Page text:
France and the United States have a long tradition of friendship, forged in the course of two great 18th-century revolutions and tempered in the flames of two global wars in the 20th century. The Washington Papers project stands poised to record the origins of the Franco-American alliance with the editing and publication of the final 16 volumes of the Revolutionary War Series, covering the years from 1780 to 1783. These volumes will chronicle Rochambeau’s landing with a French expeditionary army in North America in the autumn of 1780; his strategic planning with Washington in the winter of 1780-1781; the Yorktown campaign of the summer and autumn of 1781; and finally, the protracted negotiations that led to the Treaty of Paris in 1783.

The Washington Papers project is proud to announce a major new partnership with the Florence Gould Foundation, ensuring that these documents chronicling the most important period in the history of Franco-American relations are edited and published in time for the project’s completion in 2024. With the Gould Foundation’s major and ongoing financial support, the Washington Papers will hire an expert scholar whose time will be fully devoted to editing these documents as well as carrying on important research in French archives.

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The Spirit of Mount Vernon

By Katie Lebert, Communications Assistant
December 21, 2015

“No one in the Association receives any salary whatsoever. Their sole reward is having preserved Mount Vernon, ‘sacred to the memory of the Father of his Country.’

“In proof of the appreciation of the sacredness of the spot is the fact that during the [Civil] War no act of vandalism was committed there by either side. … The members of contending armies on approaching its precincts sounded a truce, and, stacking arms outside, trod the hallowed ground with reverent feet.”1

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On the Set with Associate Editor William M. Ferraro: An Interview About his Role in the Film Monroe Hill

October 9, 2015

Associate Editor William M. Ferraro will soon be featured as an historical contributor in a documentary about James Monroe’s farm home Monroe Hill. Director Eduardo Montes-Bradley‘s film Monroe Hill overviews the trials James Monroe faced in running the unproductive plantation, in following his political obligations, and in strengthening a new nation. Continue reading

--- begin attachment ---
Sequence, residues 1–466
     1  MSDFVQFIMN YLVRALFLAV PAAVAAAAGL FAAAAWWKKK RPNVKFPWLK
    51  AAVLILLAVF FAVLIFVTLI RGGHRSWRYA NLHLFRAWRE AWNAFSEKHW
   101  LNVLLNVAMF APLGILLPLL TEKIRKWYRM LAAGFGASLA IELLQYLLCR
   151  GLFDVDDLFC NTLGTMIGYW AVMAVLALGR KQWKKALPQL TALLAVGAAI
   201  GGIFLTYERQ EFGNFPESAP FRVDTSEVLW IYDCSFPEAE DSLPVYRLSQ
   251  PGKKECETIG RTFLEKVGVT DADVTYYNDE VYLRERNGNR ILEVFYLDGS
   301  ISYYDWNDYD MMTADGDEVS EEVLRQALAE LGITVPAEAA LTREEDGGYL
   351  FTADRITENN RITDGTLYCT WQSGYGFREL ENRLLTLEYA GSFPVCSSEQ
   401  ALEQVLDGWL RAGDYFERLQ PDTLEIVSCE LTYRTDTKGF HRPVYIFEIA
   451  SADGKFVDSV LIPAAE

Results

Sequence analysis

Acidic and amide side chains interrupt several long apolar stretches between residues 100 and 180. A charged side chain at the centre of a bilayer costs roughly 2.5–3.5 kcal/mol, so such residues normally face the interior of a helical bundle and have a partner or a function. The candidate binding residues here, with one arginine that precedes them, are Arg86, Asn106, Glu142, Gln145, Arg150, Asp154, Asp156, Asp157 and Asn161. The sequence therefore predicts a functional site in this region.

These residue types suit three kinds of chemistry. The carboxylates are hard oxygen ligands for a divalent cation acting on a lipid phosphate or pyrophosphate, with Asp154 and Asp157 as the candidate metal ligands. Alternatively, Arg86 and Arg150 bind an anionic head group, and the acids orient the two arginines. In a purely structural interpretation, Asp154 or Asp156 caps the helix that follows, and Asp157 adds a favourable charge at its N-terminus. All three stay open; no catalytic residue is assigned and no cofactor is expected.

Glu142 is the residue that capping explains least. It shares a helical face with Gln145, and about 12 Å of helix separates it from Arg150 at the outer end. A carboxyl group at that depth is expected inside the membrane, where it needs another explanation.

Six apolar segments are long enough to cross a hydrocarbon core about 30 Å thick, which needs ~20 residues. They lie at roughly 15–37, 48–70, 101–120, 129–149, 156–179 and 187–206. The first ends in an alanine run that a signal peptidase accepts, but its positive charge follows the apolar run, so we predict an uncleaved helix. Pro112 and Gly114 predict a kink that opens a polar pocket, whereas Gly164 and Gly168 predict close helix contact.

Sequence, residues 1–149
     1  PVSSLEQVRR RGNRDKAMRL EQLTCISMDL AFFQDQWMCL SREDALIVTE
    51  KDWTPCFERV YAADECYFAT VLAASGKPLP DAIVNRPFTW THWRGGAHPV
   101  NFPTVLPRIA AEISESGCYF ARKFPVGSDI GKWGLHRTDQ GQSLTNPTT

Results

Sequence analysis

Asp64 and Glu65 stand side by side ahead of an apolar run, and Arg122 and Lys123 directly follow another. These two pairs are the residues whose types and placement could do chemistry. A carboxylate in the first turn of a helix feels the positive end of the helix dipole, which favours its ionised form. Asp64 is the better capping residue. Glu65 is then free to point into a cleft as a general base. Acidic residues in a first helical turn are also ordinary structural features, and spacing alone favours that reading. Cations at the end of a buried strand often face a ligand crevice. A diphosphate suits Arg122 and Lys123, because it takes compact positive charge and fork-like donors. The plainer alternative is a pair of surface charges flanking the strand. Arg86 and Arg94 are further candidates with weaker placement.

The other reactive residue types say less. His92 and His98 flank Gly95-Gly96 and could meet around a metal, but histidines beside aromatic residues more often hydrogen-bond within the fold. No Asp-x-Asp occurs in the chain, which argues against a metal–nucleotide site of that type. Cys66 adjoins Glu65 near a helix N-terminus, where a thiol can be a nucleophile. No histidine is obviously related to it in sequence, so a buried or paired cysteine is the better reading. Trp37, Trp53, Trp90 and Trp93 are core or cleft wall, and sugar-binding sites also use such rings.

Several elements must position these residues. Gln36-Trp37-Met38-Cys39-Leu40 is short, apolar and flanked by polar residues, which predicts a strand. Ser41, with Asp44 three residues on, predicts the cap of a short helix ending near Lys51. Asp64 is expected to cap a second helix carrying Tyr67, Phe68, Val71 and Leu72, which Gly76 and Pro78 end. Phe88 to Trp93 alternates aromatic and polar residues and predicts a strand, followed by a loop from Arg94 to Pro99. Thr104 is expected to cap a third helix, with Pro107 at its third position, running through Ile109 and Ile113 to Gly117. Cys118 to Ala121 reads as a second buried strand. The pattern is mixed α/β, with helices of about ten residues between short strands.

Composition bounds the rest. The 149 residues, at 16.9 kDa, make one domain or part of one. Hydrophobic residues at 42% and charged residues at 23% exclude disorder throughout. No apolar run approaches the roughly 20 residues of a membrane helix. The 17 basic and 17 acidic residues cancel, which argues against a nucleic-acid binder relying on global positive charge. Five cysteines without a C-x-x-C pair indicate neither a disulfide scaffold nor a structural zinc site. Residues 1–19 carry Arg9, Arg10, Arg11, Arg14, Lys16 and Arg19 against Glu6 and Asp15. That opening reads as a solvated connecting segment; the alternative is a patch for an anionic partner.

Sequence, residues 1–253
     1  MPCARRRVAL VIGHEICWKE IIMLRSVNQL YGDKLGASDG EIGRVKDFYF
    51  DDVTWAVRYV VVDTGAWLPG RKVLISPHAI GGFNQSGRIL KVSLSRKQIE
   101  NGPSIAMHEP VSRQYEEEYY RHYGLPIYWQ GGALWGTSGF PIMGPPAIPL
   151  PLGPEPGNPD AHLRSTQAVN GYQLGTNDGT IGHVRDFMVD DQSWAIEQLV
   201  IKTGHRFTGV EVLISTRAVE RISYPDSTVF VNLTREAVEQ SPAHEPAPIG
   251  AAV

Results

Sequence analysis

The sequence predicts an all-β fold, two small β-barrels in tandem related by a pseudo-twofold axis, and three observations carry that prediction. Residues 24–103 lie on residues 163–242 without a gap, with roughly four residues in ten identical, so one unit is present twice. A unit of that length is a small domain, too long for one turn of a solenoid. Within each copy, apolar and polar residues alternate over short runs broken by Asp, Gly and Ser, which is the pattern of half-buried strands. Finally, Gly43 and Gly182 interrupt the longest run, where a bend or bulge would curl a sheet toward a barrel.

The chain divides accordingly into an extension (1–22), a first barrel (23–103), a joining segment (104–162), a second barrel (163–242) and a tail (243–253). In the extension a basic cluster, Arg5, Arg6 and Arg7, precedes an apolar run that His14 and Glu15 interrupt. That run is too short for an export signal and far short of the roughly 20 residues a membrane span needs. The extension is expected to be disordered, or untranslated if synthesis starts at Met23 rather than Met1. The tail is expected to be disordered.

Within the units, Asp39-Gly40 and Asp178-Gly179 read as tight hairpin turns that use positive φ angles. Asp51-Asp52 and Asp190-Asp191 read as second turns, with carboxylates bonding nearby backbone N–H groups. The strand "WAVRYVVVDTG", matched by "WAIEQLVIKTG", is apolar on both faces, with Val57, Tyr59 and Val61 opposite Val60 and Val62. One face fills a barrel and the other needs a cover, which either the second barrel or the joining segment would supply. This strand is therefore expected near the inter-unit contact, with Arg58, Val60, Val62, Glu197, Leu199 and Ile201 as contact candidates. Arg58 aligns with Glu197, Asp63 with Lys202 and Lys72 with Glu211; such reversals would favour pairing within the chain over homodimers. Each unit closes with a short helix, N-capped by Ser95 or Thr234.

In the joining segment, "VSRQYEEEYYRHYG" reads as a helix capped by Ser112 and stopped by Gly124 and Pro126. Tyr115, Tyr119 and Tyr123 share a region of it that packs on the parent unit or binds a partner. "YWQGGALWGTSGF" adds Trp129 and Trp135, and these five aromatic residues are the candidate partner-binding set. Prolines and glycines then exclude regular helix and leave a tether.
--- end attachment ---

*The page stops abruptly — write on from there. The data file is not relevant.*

National Endowment for the Humanities Grant Supports Three Washington Paper Projects

ledgeraAs part of the 212 grants announced by the National Endowment for the Humanities (NEH) on July 28, the Washington Papers will receive $318,000 in outright funding to support three of their current projects.

Two of those projects include the publication of volumes for the remaining two uncompleted Papers of George Washington series: the Presidential and Revolutionary War papers. For the Presidential Series, the grant will allow for the publication of volumes 20 and 21, volumes that will cover the final years of Washington’s second term. Similarly, the grant will prepare volumes 25-30 of the Revolutionary War series.

The funding will also support the completion of transcription for the financial papers of George Washington, a project that will create digital translations of Washington’s ledgers. In making these financial papers more accessible, the search engine will take viewers to the very line of where the searched item is mentioned.

Moving toward these goals, the Washington Papers remains grateful for the funding it continues to receive from the NEH, as well as from the federal matching program and private donors. For a full list of our current and past donors, click here.